Thousands spent every day on pothole damage claims

Figure close to �2.7 million has been paid out since 2009. Picture: Ian Georgeson

Figure close to �2.7 million has been paid out since 2009. Picture: Ian Georgeson

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SCOTTISH councils are paying out thousands of pounds in compensation every day to ­motorists because of damage caused by potholes.

Nearly £2.7 million has been paid out since 2009, according to figures revealed through a Freedom of Information request. The true amount is expected to be much higher as some councils failed to provide figures requested by the Scottish ­Conservatives.

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Council leaders insist the condition of Scotland’s roads is improving and blamed a “compensation culture” for the seven-figure payouts.

Glasgow accounted for more than half of the payments, with £1.4m paid out over the past five years.

Renfrewshire was hit for just under £200,000, Dumfries and Galloway for £117,000 and Edinburgh for £92,000.

Tory transport spokesman Alex Johnstone said: “It is often a frustrating and lengthy process for motorists to claim compensation for damage caused to their cars on public roads.

“If roads were better maintained in the first place then this unnecessary cost to the public purse would be greatly minimised. Many of our roads are a national embarrassment and it’s time the SNP ended its piecemeal approach to road maintenance and came up with a longer-term strategy.”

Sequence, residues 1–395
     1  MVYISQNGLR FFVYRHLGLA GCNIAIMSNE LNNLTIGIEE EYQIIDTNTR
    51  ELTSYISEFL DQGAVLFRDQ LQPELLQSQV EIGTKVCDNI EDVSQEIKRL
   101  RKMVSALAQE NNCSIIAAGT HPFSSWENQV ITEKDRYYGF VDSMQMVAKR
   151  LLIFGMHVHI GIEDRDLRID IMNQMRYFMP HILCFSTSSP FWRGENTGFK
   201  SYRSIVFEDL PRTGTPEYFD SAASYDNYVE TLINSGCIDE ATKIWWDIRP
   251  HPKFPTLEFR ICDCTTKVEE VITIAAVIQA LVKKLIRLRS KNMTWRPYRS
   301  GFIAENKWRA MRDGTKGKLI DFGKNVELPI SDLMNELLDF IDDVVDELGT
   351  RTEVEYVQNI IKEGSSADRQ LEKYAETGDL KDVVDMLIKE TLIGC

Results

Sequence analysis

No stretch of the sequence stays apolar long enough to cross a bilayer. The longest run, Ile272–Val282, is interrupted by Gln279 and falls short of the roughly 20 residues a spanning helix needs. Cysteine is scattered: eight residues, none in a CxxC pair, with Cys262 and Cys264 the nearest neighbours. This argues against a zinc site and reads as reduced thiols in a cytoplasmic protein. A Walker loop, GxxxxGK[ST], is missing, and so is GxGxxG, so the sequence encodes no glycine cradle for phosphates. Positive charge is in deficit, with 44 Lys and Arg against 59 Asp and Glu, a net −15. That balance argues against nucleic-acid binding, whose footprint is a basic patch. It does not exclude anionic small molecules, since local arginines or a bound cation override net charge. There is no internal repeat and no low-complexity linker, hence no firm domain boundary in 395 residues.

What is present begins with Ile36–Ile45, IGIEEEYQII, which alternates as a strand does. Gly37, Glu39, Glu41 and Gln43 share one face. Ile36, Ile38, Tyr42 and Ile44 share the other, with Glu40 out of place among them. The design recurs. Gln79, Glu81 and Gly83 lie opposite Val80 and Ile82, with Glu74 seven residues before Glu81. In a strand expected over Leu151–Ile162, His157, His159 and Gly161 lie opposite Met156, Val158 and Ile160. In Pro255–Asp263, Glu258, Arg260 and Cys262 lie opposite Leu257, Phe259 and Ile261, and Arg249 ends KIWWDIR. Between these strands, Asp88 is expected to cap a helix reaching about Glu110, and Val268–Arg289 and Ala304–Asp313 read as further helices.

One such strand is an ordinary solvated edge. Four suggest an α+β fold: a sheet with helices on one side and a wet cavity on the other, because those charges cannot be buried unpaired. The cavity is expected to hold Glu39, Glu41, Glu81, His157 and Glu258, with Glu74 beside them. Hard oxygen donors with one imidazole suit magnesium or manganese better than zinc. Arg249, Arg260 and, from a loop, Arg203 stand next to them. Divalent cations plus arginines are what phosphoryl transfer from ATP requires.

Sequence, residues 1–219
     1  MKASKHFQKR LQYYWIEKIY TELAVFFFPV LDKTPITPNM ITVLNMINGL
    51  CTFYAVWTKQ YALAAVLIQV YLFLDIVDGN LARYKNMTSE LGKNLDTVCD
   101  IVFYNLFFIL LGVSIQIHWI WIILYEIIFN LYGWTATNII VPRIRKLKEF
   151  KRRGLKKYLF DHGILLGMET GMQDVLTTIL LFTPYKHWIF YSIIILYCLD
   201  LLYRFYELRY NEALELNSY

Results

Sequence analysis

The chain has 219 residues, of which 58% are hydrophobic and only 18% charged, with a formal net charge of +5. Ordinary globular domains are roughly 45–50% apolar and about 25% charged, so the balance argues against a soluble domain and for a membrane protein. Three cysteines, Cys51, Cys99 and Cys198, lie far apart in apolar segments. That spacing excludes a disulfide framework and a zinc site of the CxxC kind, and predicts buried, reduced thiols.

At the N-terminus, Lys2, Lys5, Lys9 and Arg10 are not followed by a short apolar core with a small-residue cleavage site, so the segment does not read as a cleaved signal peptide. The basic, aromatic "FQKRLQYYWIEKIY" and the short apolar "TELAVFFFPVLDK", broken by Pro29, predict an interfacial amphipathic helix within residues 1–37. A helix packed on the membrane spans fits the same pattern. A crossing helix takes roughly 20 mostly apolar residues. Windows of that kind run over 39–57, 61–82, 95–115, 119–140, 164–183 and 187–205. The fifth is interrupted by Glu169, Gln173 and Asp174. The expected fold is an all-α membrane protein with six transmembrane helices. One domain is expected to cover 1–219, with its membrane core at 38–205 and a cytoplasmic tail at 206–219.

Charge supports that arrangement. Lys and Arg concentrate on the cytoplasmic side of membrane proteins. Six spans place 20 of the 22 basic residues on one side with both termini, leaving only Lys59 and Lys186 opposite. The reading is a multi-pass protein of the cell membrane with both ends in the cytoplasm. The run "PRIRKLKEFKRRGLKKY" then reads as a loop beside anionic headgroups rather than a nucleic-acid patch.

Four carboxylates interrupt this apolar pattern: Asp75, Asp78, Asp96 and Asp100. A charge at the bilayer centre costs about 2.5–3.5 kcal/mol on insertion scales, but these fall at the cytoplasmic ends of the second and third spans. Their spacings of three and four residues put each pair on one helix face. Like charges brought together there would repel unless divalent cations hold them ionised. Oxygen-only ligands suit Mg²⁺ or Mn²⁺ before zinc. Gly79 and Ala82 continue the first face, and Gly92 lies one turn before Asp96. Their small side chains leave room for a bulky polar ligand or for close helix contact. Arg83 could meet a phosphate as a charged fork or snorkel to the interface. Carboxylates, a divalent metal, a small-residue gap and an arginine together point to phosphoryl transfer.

He added that the UK government had shown the way with a dedicated pothole fund.

The Tories in Scotland have repeated calls to create an ­additional pothole fund to enable struggling councils to catch up with their long-standing road repairs.

The Westminster government introduced a £168m fund in June with the aim of filling more than three million ­potholes.

A spokesman for Scotland’s local government body Cosla said a “tremendous effort” had been made by councils to tackle the pothole issue.

He said: “The condition of roads in Scotland is actually improving. And this is despite the perfect storm of recent harsh winters, budgets falling and the general state of public sector ­finances.

“The bottom line is also, sadly, that in today’s world there is far more of a compensation culture and people are often actively ­encouraged to pursue claims.”

A Scottish Government spokeswoman said despite Westminster cuts to the Scottish budget, local government has been treated “very fairly”.

She said: “We have invested £6 billion into our trunk roads and motorways since 2007, which includes improvements across the country to routes like the M74, M73, M8, A9 and investment in the Aberdeen Western Peripheral Route.

“We are also aware of the need to work with road authorities to improve the condition of Scotland’s roads.”

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